Marty, I think your observation about the extent to which the King decision is a kind of referendum on Justice Antonin Scalia’s brand of textualism is incredibly insightful. I also find myself wondering if any of you were struck by the tone of the Scalia dissent; it’s getting a lot of attention for the whole “argle bargle 2.0” verbiage (Applesauce! Jiggery Pokery! SCOTUScare!) but is there something else worth saying about it?
Marty, I also want to circle back to something you flagged at the very end of your post—about what might have animated Justice Anthony Kennedy—who was not a fan of the Affordable Care Act back in 2012, to switch positions this time. Marty suggests that:
As in many high-profile cases, there’s been a great deal of speculation about what the chief justice and Justice Kennedy might decide in King—and, more particularly, what their motivations would be. Perhaps we ought to take them at their word: “In a democracy, the power to make the law rests with those chosen by the people. … [I]n every case we must respect the role of the Legislature, and take care not to undo what it has done.”
Is that what changed? Is the same strange schism that exists between the nihilist (“break government”) and pragmatic (“meh, government”) elements of the Republican Party playing out here between Scalia and Kennedy? At some level at least, Kennedy was consistent across Sebelius and King in that he seemingly believed government intended the exchanges to work.
The other question I have for you all is whether, as Mark reports, Kennedy is staking out any new ground in the Texas Fair Housing Act case. This was an incredibly worrisome case for civil rights and fair housing groups—one that terrified the Obama administration. And here is Kennedy reading the Fair Housing Act to have a cognizable disparate impact claim. In the face of a very deliberately “color-blind” conservative bloc at the high court, Kennedy tends to walk his own path on race cases, staking out a kind of conservative middle ground that is consistent with his jurisprudence in the 2007 school busing case, Parents Involved. Unlike Chief Justice John Roberts who wrote at the time that, “The way to stop discrimination on the basis of race is to stop discriminating on the basis of race,” Kennedy concurred separately to write that when it comes to ensuring freedom for all, “our highest aspirations are yet unfulfilled.” He splits off from the conservative majority because, as he puts it, “The enduring hope is that race should not matter; the reality is that too often it does.”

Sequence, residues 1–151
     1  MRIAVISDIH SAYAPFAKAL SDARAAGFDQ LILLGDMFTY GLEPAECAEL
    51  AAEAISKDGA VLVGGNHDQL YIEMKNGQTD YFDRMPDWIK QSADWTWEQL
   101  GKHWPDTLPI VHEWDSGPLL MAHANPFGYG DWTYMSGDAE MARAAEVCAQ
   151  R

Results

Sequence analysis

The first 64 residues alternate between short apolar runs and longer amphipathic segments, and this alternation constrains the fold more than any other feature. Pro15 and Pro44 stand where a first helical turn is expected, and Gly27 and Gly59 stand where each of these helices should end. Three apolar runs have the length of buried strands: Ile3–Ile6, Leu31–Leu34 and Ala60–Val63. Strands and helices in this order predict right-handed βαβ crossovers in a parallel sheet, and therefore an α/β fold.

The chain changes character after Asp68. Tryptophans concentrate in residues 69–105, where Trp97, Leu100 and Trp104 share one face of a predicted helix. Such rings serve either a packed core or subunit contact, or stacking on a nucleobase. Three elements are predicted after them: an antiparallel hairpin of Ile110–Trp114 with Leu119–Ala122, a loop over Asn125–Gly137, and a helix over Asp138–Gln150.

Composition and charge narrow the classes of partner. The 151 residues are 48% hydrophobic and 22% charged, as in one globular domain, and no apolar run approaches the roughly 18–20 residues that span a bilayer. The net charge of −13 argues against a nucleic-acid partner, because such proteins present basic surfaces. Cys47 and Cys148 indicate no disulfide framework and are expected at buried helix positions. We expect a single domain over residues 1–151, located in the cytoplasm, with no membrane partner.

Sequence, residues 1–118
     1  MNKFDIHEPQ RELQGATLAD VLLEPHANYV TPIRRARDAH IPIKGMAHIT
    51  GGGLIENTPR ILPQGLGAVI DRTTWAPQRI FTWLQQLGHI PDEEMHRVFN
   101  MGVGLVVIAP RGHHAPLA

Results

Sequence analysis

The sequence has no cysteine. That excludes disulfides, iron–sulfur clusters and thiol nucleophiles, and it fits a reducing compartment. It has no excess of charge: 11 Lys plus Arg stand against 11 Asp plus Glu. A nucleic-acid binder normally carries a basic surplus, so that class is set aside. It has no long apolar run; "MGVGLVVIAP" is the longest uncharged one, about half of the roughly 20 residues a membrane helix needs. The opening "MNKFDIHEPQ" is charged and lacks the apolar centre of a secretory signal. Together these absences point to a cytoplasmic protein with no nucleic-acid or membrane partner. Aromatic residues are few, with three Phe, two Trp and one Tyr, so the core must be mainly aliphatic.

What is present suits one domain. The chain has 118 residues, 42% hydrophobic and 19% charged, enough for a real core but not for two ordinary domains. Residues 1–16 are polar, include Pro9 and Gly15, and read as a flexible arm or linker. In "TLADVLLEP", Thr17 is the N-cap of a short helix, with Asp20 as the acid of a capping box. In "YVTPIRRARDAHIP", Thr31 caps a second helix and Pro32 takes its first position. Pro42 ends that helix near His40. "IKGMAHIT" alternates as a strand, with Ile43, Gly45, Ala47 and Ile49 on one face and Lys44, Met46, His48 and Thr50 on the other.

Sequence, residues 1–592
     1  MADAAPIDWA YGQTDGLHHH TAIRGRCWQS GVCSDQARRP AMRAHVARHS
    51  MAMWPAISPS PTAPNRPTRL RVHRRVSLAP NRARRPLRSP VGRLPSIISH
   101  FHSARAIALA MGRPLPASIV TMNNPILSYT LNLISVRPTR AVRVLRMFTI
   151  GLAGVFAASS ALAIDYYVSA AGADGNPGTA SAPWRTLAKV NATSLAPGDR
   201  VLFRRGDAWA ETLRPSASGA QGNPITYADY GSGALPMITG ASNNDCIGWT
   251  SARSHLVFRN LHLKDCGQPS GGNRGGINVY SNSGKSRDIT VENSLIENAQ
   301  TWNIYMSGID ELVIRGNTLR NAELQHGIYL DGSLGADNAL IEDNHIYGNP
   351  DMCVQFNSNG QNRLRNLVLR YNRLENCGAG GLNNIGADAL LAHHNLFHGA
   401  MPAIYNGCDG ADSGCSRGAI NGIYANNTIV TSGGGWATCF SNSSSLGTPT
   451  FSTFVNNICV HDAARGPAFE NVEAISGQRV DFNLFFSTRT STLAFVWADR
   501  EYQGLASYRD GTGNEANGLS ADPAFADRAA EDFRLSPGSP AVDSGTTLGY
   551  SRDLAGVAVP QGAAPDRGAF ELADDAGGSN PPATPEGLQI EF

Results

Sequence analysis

Kennedy objected in the Parents case to a school integration program that “threaten[s] to reduce children to racial chits valued and traded according to one school’s supply and another’s demand.” He declined to sign off on Justice Stephen Breyer’s dissent. He staked out a middle posture but agreed that race discrimination should be remedied, just not in ways that smacked of “widespread governmental allocation of benefits and burdens on the basis of racial classifications.”
To be sure, Kennedy can get himself tangled up in what he defines as constitutional remedies and “constitutional concerns,” but the Texas Fair Housing Act case reaffirms that at least he understands—in some contexts at least—that we are not so much post-racial as exhausted. I have heard from some quarters that the liberal justices sacrificed far too much to sign onto this middle way of Kennedy’s. So curious to know your thoughts.